Does this include sexual pleasure? And could this confuse a person into thinking that they’re asexual when they’re not?
The negative symptom of anhedonia mostly refers to not being able to anticipate pleasure. When schizophrenics are studied they generally report feeling as much pleasure in the moment as regular people. I guess it could still affect your willingness to have sex though. But depression often comes with schizophrenia and depressed anhedonia also affects the pleasure you feel in the moment. In my experience that also affects sexual pleasure. That being said, the stress schizophrenia brings with it along with the medications we take for it can definitely kill your sex drive.
I see many factors here and I don’t think it’s impossible that a sz patient can be confused and think they are asexual when they aren’t.
When I was in a deep negative swing… I was non-sexual…
I didn’t enjoy the human interaction… I had no reaction to interaction.
IF I might have engaged in any sex it might have gone ok…
But the want… need… will… was dried up. I was pretty sure that part of my life was done.
When I got different meds… and therapy… that part of my life began to wake up.
I was living with a girl, at the time of my last major episode, my feelings for here cooled when the psycosis went off, and i lost my sexdrive.i thought i was falling out of love with here. She tried to get me interessed in sex and such, but the last year of our relationship we did not have sex, and not too much cuddels either. She ended the relationship, then i got a broken heart. My pdoc said this was pretty common, loss of interess after a psycosis. But i realized i still loved here after it was too late…
I think the difference between lack of pleasure and being asexual is that asexuals don’t want to enjoy sex. So if you wish you could be more into sex, you’re not necessarily asexual. I thought I was asexual for a time, but really I was just so traumatized by sex that the idea of it became totally repulsive. I still wanted to be that close to someone, though, and I still found people attractive. With therapy and the right meds, I was able to work through my mental barrier.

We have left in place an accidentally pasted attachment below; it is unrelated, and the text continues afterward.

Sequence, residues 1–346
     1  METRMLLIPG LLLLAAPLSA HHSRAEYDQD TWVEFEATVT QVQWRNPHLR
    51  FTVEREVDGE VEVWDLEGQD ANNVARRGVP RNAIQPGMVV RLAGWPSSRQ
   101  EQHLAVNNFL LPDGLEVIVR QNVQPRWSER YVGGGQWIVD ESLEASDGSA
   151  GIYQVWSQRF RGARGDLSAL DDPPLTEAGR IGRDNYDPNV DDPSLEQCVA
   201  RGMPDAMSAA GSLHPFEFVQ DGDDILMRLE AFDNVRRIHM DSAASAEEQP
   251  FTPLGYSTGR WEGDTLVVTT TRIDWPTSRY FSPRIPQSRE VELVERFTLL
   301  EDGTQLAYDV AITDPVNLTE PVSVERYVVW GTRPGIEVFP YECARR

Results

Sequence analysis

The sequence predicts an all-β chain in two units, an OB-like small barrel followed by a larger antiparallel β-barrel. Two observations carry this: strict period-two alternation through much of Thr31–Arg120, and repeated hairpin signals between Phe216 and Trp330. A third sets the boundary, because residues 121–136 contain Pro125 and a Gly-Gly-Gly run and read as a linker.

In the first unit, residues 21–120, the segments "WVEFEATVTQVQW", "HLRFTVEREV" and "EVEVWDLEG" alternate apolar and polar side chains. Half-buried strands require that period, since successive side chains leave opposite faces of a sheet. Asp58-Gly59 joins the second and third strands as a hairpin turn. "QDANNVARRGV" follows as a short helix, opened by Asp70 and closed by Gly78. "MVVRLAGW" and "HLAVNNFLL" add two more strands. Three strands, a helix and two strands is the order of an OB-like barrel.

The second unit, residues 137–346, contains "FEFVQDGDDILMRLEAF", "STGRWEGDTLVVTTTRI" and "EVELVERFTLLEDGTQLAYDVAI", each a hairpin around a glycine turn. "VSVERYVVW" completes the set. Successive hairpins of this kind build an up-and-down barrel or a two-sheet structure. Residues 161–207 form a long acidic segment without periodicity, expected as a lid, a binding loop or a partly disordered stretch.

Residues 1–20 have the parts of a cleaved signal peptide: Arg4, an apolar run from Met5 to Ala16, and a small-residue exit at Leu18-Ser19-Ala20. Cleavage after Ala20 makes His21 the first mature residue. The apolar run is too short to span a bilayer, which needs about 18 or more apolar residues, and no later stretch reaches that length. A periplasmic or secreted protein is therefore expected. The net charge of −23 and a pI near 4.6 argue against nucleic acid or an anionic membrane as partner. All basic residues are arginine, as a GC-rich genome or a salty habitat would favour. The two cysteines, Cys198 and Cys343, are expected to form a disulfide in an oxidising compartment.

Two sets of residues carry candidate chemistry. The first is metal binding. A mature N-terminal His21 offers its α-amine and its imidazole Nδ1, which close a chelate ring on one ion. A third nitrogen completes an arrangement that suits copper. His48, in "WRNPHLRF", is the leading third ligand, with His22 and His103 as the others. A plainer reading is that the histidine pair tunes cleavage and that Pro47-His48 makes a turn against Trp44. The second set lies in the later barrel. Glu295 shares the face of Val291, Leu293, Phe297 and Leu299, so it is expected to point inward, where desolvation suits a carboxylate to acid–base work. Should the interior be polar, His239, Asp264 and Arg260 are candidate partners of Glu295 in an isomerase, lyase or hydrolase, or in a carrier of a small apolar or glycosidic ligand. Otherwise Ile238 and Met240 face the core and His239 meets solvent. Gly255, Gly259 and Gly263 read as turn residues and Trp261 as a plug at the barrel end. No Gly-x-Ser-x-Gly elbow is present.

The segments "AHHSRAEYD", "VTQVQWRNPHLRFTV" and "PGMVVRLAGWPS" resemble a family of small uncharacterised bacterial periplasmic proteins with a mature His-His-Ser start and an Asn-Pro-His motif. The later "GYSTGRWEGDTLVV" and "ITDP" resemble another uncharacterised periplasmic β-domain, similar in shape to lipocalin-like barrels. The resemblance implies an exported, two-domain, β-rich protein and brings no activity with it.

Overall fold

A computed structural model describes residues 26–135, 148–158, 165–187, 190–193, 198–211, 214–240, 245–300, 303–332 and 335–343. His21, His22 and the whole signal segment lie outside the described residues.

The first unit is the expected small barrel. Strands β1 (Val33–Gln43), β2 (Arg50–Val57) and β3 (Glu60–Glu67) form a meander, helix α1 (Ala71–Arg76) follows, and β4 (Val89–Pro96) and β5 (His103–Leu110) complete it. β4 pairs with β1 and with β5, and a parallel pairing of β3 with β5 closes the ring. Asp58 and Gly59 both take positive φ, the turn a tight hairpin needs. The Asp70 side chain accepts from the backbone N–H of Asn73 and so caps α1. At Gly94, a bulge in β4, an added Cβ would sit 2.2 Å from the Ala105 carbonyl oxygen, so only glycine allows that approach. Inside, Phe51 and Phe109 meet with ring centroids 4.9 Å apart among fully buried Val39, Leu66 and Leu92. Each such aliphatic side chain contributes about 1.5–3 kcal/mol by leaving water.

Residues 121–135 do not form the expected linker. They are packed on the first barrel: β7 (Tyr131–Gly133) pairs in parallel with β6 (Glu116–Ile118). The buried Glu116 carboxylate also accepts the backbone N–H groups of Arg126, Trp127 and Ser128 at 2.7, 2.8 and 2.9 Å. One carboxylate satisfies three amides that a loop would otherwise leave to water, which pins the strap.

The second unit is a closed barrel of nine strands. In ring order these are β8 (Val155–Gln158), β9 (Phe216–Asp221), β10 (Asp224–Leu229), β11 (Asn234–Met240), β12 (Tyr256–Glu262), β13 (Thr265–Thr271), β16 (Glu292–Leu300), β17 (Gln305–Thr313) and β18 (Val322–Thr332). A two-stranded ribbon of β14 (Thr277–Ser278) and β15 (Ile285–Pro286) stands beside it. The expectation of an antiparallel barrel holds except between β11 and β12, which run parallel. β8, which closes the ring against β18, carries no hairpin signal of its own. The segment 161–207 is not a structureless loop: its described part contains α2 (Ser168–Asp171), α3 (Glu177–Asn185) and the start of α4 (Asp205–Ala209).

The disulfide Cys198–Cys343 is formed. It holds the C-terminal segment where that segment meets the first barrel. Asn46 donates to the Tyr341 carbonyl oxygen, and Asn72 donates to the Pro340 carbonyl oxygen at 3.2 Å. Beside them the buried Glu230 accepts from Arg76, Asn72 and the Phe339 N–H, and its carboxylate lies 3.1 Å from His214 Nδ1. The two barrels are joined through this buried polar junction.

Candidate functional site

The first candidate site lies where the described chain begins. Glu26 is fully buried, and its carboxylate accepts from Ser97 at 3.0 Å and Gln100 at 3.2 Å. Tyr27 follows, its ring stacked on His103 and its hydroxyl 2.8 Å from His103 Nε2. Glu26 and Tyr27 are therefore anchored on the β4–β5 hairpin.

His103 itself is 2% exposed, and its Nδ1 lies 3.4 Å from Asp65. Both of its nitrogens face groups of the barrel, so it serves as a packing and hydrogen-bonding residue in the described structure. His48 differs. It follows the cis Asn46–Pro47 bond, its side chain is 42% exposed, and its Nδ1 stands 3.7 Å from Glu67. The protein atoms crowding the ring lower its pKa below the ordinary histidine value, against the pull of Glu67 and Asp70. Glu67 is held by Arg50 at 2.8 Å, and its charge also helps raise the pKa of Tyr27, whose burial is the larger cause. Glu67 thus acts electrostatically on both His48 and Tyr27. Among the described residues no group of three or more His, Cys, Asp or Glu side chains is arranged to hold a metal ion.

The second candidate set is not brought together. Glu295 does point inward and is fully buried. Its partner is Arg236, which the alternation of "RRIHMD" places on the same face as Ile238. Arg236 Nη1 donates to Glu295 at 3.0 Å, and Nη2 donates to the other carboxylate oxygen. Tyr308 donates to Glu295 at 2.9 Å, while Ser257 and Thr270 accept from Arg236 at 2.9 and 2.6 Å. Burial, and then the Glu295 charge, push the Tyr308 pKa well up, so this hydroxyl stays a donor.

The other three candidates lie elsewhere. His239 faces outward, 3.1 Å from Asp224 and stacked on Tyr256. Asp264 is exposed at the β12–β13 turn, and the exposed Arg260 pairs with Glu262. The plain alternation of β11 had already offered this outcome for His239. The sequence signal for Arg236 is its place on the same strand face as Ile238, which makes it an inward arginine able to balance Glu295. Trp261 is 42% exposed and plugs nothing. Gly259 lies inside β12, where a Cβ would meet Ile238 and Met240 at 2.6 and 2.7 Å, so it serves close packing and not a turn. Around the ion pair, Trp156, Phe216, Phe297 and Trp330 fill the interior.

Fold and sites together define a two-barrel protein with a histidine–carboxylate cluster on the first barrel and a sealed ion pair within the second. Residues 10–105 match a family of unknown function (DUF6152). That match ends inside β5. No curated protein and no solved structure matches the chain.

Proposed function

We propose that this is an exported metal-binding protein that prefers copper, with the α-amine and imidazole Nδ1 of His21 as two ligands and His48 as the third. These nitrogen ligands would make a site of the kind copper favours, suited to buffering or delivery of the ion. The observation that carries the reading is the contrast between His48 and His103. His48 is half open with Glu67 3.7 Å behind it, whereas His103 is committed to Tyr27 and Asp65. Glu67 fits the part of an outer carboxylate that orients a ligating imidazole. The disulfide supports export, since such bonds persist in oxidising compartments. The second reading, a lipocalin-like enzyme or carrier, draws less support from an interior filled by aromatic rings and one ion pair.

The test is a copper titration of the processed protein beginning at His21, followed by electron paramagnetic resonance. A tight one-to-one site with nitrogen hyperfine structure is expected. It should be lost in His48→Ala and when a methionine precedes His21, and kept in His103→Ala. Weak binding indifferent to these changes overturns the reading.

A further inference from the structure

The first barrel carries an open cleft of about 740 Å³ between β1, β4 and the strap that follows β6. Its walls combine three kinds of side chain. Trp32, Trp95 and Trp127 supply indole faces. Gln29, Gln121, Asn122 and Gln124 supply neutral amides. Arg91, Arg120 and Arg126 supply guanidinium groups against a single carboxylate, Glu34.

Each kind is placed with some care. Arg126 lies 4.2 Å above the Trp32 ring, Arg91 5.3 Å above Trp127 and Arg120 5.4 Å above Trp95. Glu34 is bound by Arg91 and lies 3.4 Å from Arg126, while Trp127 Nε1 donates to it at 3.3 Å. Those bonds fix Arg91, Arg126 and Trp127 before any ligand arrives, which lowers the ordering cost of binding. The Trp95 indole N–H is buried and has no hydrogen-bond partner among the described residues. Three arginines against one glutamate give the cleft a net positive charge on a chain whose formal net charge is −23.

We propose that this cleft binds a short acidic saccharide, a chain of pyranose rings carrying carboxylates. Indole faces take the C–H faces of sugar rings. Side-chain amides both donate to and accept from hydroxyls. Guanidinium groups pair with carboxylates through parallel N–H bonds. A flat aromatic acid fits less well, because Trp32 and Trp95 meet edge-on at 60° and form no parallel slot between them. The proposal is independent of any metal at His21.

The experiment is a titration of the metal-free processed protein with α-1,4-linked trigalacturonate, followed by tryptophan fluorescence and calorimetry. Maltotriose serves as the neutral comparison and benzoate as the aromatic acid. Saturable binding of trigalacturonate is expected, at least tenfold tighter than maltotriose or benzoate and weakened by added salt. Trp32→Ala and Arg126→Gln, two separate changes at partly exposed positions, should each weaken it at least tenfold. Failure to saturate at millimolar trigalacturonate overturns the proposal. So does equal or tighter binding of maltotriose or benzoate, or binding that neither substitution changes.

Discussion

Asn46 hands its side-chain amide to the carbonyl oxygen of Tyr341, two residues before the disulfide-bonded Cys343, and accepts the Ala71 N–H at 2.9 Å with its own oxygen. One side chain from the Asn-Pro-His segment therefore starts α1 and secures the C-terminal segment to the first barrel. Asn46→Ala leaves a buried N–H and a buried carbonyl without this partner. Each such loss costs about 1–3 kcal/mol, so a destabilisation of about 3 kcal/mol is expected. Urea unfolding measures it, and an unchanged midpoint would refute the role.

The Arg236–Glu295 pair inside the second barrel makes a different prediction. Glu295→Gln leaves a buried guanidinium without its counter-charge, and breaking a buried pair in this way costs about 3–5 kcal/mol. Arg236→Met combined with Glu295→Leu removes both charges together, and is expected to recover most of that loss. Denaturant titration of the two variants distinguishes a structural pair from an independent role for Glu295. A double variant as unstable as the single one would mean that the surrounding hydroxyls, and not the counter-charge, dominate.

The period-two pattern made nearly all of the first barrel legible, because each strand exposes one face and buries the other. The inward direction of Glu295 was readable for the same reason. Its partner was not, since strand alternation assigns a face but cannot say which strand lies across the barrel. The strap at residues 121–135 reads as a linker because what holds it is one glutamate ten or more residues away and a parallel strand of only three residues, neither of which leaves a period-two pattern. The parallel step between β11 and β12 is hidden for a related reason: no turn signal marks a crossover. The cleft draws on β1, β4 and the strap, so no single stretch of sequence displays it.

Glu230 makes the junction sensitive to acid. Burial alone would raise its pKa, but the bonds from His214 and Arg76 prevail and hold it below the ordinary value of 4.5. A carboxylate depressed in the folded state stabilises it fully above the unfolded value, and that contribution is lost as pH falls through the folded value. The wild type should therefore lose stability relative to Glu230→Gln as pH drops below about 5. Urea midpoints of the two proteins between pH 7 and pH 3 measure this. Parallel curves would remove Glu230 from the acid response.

I had a strange experience. My meds deadened my ability to feel pleasure but it didn’t kill my sex instinct. I’m a very, very excitable person and I always have been. Maybe it’s just because I waited so long.
For me, before I was diagnosed with schizophrenia, I had several experiences, all making me question my life long held sexual orientation. I wasn’t in a psychotic break at any of the times, but could the lack of pleasure really affect me at all times, or am I most likely asexual?
Which sexuality label makes you feel most comfortable? Do you enjoy thinking of yourself as asexual, or would you prefer to be hetero, gay, or bi? You don’t necessarily need to label yourself at all, either, if you prefer. Some people just don’t choose to identify as anything, and just live how they want, being attracted or not as the feelings come up.
If you do want to experience sexual pleasure again, there is an anti-anxiety drug called Buspar that can increase your sexual drive. I was on it for a few weeks when I was having a hard time.
Well I’m comfortable being homoromantic asexual. But I know sex is important in relationships, for the most part, and my past boyfriend, well, I couldn’t deliver, and I felt I wasn’t a suitable boyfriend if I couldn’t please him in the ways he wanted.
So all-in-all I do kinda wish I enjoyed sex, just for my partners sake and for the relationship.
You could date someone else that was asexual.
@onceapoet is right - I was in the same situation you were, it was like I kept running smack into the same wall in every relationship. I could sustain brief periods of sexual interest, and some were even intense, but they cooled off fast and I returned to my asexual norm. It was hard on my partners and hard on me.
There are plenty of romantic asexuals out there, but I admit they’re hard to find. People don’t talk about this kind of stuff enough for us to easily identify each other.
In my case, it’s not meds doing it. It may be depression, I don’t know. But I’m comfortable with myself existing on the asexual end of the spectrum.
@Rhubot and @FranzKafka there’s always the internet. I’m sure there’s at least one asexual dating site out there. It will probably be hard because of our condition to meet someone over the internet and I’m always wary of it (I’m a big ball of crazy and I just want you to keep in mind you might meet someone like me) but because of how rare asexuals are it might be worth looking into for you.
Thanks, appreciated. I lucked out and my last girlfriend was similarly wired. It’s complicated from the outside - we’re together and it’s a committed, long-term thing, but it’s not precisely romantic. Kind of a best friend marriage. It works for us.
http://www.ace-book.net is a social networking site for asexuals. Even if you don’t find someone to date, it might be nice just meeting more people who don’t make sex one of the primary focuses in their life.
Edited because I misremembered the site.
It’s hard enough to find a boyfriend being homoromantic, let alone a homoromantic asexual like me. I’d have to search all over the state.
And I’ve tried asexual dating sites, it’s not a very good experience. And there’s not many out there compared to other dating services.